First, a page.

Book Review: The Boy Who Could See Demons by Carolyn Jess-Cooke
The Boy Who Could See Demons by Carolyn Jess-Cooke
In this highly original novel we follow the story of Alex, a ten-year-old boy who can see demons, and Anya, a psychiatrist who is tasked with assessing him for a possible mental illness. Alex is a delightful and compelling character – he is both younger and older than his age, at times full of humour and joy, at other times scared and alone, despite his near constant demonic companions. Alex lives in Northern Ireland in a rundown house with a mother who has her own problems. She has made repeated suicide attempts and when the book opens she has made another attempt on her life that puts her in hospital. Alex believes his father died when he was five years old, and ever since then he has put up with the company of a rather nasty little demon called Ruen who takes on numerous physical forms – Horn Head, Monster, Ghost Boy and Old Man – depending on his mood. Only Alex can see this demon and his demonic cohorts.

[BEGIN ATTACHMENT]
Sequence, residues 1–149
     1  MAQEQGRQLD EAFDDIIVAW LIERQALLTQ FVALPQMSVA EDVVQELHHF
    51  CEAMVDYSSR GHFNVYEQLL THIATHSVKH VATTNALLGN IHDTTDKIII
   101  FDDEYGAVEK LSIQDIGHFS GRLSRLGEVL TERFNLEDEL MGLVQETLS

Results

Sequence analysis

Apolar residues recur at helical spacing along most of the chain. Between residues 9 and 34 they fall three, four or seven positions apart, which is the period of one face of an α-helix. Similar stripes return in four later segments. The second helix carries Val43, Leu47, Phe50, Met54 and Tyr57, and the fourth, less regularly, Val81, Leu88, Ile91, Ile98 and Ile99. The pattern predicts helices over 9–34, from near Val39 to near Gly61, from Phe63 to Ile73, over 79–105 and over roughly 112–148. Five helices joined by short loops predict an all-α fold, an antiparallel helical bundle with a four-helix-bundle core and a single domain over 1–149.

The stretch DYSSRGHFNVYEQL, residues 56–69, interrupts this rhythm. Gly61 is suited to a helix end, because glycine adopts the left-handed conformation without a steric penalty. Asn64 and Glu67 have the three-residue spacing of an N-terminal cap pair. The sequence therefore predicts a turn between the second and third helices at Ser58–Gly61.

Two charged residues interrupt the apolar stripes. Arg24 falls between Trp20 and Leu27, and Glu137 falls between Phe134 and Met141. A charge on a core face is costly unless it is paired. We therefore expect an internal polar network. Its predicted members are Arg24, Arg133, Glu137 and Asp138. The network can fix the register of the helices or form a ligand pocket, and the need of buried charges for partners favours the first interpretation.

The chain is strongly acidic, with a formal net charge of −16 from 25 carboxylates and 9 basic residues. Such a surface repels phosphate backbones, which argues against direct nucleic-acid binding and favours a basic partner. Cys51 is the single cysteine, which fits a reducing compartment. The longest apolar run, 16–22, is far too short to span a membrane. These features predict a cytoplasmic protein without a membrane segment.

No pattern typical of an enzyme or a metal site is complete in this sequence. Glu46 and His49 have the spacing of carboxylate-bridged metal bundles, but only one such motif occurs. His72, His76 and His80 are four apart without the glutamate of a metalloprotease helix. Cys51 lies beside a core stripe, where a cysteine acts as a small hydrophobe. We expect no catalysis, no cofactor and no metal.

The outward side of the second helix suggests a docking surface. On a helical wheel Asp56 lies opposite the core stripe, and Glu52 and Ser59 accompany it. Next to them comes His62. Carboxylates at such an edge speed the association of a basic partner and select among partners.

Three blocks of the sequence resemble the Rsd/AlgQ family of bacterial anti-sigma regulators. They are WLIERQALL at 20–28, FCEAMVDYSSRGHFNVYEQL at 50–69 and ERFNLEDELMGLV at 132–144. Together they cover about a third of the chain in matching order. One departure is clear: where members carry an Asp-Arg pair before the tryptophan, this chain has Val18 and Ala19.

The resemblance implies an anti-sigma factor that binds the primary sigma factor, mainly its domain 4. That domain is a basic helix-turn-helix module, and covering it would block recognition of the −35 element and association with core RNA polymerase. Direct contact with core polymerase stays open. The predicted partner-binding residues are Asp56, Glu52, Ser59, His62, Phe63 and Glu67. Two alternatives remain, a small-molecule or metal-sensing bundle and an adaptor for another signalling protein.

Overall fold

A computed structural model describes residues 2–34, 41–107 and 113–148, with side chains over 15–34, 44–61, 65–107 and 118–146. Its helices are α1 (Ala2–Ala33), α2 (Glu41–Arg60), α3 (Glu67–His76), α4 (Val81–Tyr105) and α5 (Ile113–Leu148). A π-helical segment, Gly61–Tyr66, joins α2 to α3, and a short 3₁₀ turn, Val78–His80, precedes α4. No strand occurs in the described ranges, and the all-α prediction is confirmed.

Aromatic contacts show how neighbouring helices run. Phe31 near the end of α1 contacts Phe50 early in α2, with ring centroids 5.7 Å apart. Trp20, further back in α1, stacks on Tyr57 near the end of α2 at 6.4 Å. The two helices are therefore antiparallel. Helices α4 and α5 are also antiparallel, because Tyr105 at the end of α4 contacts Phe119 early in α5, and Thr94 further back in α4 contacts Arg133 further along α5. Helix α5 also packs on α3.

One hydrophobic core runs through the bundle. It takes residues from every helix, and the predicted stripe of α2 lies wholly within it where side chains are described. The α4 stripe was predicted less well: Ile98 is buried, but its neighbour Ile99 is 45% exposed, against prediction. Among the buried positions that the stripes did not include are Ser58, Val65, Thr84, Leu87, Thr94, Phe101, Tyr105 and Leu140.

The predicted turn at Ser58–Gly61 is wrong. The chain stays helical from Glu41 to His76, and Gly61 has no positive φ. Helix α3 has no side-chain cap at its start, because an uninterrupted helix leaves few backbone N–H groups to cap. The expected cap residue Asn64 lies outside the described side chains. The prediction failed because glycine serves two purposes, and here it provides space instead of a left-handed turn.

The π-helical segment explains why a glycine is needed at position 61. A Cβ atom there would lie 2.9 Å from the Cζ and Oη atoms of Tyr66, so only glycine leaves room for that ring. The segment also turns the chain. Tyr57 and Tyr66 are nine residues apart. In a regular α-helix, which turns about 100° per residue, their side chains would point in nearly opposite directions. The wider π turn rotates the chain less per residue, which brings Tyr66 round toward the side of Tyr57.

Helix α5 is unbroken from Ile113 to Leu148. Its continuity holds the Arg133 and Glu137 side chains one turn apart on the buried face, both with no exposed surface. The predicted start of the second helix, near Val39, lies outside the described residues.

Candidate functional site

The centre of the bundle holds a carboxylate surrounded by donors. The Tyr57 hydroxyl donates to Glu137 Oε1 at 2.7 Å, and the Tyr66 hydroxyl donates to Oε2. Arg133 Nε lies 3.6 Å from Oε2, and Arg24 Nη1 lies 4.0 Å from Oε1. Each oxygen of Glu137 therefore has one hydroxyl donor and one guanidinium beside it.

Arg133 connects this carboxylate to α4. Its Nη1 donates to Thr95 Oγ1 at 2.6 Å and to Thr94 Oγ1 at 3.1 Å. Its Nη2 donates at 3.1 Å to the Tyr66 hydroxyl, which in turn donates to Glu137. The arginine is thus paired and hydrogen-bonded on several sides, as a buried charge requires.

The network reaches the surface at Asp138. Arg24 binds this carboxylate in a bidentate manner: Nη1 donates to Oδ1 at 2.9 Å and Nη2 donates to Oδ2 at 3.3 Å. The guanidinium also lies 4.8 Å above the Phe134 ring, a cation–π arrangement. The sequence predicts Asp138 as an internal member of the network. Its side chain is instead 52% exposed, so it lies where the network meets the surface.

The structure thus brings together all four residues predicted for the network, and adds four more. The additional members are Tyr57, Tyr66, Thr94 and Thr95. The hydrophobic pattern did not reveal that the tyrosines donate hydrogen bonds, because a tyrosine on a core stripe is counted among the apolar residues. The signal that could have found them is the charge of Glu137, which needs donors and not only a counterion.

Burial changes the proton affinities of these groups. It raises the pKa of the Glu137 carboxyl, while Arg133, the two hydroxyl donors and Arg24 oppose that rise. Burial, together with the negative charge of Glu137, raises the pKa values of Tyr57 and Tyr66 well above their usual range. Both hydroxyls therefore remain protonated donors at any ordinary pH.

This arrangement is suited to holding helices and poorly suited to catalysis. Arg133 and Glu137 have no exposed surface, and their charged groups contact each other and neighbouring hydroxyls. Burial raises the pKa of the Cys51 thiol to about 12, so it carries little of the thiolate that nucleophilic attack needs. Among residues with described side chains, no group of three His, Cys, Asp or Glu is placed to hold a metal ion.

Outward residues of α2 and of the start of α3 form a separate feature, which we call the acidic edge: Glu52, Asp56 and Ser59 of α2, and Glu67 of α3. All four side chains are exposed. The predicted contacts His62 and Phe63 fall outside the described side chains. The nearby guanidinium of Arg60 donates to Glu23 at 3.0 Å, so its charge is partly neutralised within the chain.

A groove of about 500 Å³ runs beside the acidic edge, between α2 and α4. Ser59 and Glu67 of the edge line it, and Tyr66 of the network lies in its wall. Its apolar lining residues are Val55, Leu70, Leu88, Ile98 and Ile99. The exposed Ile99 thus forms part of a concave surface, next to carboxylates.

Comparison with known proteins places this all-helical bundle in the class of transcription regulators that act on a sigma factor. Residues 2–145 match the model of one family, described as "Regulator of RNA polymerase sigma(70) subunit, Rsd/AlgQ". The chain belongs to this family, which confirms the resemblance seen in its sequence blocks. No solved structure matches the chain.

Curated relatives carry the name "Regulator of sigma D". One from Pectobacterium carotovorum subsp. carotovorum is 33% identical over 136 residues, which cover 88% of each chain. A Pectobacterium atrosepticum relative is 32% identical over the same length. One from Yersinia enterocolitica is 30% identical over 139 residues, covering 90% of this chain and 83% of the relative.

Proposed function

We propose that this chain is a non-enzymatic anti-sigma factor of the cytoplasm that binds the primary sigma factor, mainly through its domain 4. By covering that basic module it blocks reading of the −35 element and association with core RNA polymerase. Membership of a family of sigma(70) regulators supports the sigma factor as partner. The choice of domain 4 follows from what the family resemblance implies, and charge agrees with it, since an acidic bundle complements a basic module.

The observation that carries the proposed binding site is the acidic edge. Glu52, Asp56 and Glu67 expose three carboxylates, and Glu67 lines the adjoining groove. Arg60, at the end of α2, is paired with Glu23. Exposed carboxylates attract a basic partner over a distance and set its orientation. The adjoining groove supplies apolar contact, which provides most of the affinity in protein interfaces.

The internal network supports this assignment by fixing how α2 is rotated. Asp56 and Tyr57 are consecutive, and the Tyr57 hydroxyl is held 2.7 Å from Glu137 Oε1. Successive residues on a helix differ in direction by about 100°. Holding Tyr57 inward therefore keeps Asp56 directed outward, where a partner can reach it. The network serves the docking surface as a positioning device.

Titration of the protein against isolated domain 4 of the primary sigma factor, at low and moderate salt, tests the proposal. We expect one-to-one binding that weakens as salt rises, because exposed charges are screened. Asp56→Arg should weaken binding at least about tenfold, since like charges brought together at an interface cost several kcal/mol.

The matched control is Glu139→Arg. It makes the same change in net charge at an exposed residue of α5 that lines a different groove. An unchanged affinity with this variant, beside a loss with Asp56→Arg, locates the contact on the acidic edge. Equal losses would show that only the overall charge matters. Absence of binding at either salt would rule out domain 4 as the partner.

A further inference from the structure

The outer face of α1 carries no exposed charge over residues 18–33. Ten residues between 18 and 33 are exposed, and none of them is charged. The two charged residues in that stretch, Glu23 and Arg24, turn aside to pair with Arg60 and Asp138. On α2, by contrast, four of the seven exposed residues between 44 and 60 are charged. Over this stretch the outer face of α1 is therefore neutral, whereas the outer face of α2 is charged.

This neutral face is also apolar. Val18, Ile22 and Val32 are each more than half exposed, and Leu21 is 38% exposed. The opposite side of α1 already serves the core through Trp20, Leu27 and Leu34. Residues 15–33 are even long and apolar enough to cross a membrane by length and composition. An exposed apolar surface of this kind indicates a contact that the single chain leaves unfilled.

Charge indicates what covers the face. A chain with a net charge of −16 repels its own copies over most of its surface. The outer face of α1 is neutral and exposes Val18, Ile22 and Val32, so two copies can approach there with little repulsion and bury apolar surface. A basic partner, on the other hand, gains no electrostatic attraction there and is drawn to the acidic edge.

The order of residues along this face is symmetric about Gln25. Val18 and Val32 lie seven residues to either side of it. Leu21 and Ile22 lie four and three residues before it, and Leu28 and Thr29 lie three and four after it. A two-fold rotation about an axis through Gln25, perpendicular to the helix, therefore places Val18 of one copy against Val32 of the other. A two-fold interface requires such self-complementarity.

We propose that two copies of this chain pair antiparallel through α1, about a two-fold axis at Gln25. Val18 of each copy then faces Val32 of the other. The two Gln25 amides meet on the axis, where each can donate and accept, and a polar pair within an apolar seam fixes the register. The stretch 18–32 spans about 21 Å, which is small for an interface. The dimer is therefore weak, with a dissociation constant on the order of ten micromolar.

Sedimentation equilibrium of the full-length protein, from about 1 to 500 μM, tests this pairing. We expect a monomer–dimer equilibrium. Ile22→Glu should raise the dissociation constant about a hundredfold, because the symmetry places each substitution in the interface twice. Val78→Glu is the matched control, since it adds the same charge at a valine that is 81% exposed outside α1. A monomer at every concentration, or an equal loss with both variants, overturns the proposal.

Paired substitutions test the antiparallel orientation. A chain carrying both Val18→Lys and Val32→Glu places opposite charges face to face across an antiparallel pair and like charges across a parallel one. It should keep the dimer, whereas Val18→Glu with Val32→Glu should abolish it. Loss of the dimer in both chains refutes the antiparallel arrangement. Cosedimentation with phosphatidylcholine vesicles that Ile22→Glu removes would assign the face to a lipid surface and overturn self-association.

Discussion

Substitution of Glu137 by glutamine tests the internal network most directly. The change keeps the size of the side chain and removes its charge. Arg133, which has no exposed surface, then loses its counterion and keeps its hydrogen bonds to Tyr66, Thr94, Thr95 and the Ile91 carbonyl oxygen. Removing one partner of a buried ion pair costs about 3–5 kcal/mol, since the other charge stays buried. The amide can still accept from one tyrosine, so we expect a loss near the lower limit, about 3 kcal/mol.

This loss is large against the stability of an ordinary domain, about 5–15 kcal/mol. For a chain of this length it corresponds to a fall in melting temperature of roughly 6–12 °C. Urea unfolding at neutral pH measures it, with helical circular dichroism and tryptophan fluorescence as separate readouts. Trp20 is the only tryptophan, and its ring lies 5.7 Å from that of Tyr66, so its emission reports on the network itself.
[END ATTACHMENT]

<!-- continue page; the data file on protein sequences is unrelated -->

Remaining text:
When Alex’s mother tries to kill herself, Anya meets Alex for the first time and she is determined to help this fragile boy. But Anya has her own demons, of sorts. Her daughter died after suffering from schizophrenia. She believes that Alex might be suffering the same illness, but will she be able to keep impartial as she is drawn into Alex’s world?
It soon becomes apparent that whatever is troubling Alex – whether it be demon or illness – the crux of the problem lives with Alex’s father. But will Alex and Anya be prepared for the consequences of discovering the truth?
This is a fabulous novel. It can be read on many levels and it successfully explores some of the aspects of mental illnesses, and the spiritual and emotional aspects of life, without being heavy handed. And the characters are unforgettable. Alex is an engaging and extremely likable character – ultimately a boy of great courage – and Anya is a character who finds some sense of her own redemption by helping Alex, opening the door again for things in life she has closed off since her daughter’s death. There are sad moments in this book, but the ending will satisfy.